Treasurer Scott Morrison is eyeing bond aggregation as a way to finance social housing, but government funding is still needed under that model.
In the second part of our review of what The Conversation experts have to say about housing, we focus on affordability, social housing and what government can do about a growing crisis.
To meet the needs of lower-income households, housing should be both affordable and located near public transport and other services.
Victoria has been lagging behind other states in developing an affordable housing strategy. Now that one has been released, how well does it meet the needs of households on lower incomes?
New South Wales is the state that has suffered the biggest fall in available public housing stock since 2009. This has led to protests.
Although the federal-state agreement does it inadequately and lacks transparency, an enduring program of federal funding for operational expenses is essential to sustain the social housing system.
To understand how households cope, we may need to look beneath broad patterns of affordability to the interplay of housing costs with other problems.
Housing affordability is often not the only problem households face. More often the compounding effects of multiple problems leave people unable to cope, which is why one solution won't work for all.
The housing affordability crisis isn’t limited to the big cities – the Tweed Heads area, for instance, is rated worse than Melbourne in the latest survey.
The affordability crisis in regional Australia has a long history. In some places the problem is even worse for residents than in the capital cities.
In the unregulated Australian rental housing market, rental leases are almost always short term.
The need for new housing solutions for these low-income groups is clearly a pressing requirement.
With 700,000 vulnerable Australians depending on public housing, any proposal to change its status is likely to set off alarm bells.
The report's stated goal is to make the social housing system work better. It does not present as a manifesto for an entirely marketised and deregulated framework driven by the profit motive.
The historical, social and moral reasons for retaining the Sirius Building for public housing are compelling, but the state government is focused on the money from its sale.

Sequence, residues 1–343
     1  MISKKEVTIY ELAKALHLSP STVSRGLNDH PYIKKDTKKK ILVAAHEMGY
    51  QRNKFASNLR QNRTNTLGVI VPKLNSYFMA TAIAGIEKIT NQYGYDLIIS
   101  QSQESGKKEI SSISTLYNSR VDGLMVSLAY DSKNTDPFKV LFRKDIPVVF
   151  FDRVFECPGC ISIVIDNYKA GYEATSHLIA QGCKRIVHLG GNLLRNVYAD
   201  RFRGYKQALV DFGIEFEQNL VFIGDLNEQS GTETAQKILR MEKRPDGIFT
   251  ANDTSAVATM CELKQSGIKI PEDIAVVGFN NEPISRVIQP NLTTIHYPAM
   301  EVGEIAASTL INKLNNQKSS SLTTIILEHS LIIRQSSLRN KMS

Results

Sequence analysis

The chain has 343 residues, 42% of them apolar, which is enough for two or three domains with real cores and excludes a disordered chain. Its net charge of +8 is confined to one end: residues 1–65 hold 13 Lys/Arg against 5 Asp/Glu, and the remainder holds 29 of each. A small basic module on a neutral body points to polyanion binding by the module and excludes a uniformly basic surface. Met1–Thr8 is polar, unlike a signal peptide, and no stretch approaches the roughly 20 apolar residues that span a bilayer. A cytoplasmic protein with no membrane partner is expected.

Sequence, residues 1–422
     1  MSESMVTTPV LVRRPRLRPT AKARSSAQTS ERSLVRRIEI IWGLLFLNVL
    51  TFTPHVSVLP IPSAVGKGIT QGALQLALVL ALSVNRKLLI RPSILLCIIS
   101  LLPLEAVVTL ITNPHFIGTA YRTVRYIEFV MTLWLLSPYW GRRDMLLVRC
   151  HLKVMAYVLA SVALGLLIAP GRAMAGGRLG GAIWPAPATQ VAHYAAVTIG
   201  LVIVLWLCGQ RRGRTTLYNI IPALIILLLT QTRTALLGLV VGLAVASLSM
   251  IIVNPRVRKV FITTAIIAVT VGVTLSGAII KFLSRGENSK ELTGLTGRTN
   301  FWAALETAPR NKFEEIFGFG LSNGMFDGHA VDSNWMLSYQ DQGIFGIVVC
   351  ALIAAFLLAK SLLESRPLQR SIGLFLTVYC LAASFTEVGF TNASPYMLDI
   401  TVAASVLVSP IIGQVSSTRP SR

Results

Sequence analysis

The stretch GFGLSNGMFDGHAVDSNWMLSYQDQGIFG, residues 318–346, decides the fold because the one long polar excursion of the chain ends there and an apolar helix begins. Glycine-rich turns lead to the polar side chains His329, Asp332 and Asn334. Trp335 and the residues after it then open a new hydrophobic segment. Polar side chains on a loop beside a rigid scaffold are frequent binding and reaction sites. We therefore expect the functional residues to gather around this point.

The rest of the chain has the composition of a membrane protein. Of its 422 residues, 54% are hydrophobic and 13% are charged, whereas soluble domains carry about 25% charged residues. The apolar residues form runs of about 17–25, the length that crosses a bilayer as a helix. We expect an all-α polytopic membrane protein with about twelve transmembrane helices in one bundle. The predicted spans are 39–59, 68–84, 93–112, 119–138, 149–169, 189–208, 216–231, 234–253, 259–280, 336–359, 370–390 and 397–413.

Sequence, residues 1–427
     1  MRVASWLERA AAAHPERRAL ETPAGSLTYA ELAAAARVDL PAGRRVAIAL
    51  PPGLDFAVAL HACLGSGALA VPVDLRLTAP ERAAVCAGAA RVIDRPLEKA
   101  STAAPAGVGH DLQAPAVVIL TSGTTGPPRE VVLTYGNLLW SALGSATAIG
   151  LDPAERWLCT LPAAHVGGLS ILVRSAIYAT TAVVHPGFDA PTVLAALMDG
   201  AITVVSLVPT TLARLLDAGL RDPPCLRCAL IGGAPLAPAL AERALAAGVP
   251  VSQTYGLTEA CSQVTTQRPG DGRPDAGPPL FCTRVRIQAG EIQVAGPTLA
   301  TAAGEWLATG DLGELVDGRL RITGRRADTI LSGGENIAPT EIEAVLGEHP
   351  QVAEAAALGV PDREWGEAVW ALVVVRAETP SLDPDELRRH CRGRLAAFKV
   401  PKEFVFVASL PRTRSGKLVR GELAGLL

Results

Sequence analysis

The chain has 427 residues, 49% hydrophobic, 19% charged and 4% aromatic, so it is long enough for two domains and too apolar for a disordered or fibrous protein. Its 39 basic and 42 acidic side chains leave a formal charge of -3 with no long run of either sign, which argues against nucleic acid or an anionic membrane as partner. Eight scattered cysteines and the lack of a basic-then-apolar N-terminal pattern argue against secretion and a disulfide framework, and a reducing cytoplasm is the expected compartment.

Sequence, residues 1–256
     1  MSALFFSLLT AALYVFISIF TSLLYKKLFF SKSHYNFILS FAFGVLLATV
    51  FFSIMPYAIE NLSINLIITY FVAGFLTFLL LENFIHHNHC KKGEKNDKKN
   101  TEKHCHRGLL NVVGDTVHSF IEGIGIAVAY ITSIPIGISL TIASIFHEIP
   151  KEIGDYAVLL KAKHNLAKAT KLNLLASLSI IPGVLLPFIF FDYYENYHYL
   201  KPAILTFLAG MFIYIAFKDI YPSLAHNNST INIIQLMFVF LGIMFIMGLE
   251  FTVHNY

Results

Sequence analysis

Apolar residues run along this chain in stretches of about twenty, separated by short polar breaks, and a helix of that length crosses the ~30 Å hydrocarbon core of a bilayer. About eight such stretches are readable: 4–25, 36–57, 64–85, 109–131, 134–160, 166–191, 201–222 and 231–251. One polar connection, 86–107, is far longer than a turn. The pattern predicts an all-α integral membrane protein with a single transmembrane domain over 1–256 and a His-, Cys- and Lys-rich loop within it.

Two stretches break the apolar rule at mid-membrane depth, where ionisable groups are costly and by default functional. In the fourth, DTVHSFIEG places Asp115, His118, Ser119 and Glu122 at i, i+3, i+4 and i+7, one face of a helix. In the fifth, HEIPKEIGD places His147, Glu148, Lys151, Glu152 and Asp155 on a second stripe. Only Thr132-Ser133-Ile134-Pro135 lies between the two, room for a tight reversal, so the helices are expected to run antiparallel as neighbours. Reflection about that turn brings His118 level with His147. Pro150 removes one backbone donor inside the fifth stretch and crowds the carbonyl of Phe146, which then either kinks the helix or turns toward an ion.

The state is ignoring historical, social and moral reasons to keep public housing in Heritage areas of Sydney. Its sell-off will further divide the city between rich and poor and end a rich history.
Woody Guthrie’s tenancy in Fred Trump’s Beach Haven apartment complex coincided with a diagnosis of Huntington’s disease.
Library of Congress
'Trump made a tramp out of me,' Guthrie lamented, denouncing his landlord who barred black families and pocketed federal funds.
The rear of 30-32 Oxford Street, an area of Sydney affected by an outbreak of bubonic plague in 1900.
Wikimedia/NSW State Archives
New research finds almost a million Australians are living in poor or very poor-quality housing, with more than 100,000 in dwellings regarded as very poor or derelict.
Nne-star-rated ‘Catalyst’ houses built to maximise passive solar principles were evaluated against seven control houses built to DHHS standards.
Emerging research challenges the idea that sustainable housing is unaffordable. It shows sustainability and good design can be affordable when analyses include social, health and wellbeing benefits.
The Queensland government’s interpretation of public housing transfers conflicts with that of Labor colleagues federally and in some other states.
Given its flagship status, the Logan public housing project’s abandonment could be a serious setback for Australian housing and urban policy.
When public housing like the properties in Sydney’s Millers Point is privatised, it profoundly changes the social mix of the inner city to something much more homogenous.
The NSW government agenda would deny the 'right to the city', that network of diverse communities, practices and places which give rise to the convivial and inclusive potential of cities.
The housing problems experienced by low-income households are a symptom of entrenched inequality within Australia.
Government policy has not, on the whole, failed. It has been a huge success insofar as protecting the opportunities for speculative investment and profit for homeowners and private landlords.
Demand for housing in South Africa continues to outstrip supply despite the government having made more than three million houses to poor households.
The dismally slow provision of housing in South Africa is such that more than 2.2 million households live in 2700 informal settlements. Waiting is the norm and can take years, even decades.
A defence of La Défense, and other towering architecture across the globe.
More than 84% of households in Berlin rent their home.
Many of the reasons housing is more affordable outside Australia stem from government intervention.
Who will speak up for private renters?
Cameron's pledge may help some in social housing, but it offers no hope for everyone else who's locked out of the market.
New homes like this one in Sydney’s south-west would be within reach for more first-time buyers in New South Wales if the state government supported shared home buying schemes.
New South Wales is Australia's most populous state, with the most expensive capital city – yet it's done less than many other states to develop cost-effective options for aspiring home owners.
Mixed-income developments replace Chicago’s Cabrini-Green Homes: Old Town Village West townhouses rise in front of the last remaining towers (since demolished) in this 2009 photograph.
For decades, public housing stood as the most architecturally visible and politically stigmatized reminder of urban poverty in many American cities. Originally built to accommodate an upwardly mobile segment…